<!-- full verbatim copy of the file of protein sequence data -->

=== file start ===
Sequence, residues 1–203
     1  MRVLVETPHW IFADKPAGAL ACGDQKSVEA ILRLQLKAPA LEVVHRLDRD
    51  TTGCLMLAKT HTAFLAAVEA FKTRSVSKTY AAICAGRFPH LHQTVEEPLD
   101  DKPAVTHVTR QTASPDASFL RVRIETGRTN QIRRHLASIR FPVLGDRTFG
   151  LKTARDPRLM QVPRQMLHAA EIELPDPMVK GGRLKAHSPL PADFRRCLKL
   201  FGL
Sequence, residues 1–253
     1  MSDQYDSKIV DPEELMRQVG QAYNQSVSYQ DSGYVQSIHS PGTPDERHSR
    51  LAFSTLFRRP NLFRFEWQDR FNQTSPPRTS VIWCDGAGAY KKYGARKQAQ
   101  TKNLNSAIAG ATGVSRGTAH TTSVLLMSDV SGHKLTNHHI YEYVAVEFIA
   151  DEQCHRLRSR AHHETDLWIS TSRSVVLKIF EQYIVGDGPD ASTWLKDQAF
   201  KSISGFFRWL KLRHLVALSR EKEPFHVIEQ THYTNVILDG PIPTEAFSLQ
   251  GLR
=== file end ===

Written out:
Sequence, residues 1–203
     1  MRVLVETPHW IFADKPAGAL ACGDQKSVEA ILRLQLKAPA LEVVHRLDRD
    51  TTGCLMLAKT HTAFLAAVEA FKTRSVSKTY AAICAGRFPH LHQTVEEPLD
   101  DKPAVTHVTR QTASPDASFL RVRIETGRTN QIRRHLASIR FPVLGDRTFG
   151  LKTARDPRLM QVPRQMLHAA EIELPDPMVK GGRLKAHSPL PADFRRCLKL
   201  FGL
Sequence, residues 1–253
     1  MSDQYDSKIV DPEELMRQVG QAYNQSVSYQ DSGYVQSIHS PGTPDERHSR
    51  LAFSTLFRRP NLFRFEWQDR FNQTSPPRTS VIWCDGAGAY KKYGARKQAQ
   101  TKNLNSAIAG ATGVSRGTAH TTSVLLMSDV SGHKLTNHHI YEYVAVEFIA
   151  DEQCHRLRSR AHHETDLWIS TSRSVVLKIF EQYIVGDGPD ASTWLKDQAF
   201  KSISGFFRWL KLRHLVALSR EKEPFHVIEQ THYTNVILDG PIPTEAFSLQ
   251  GLR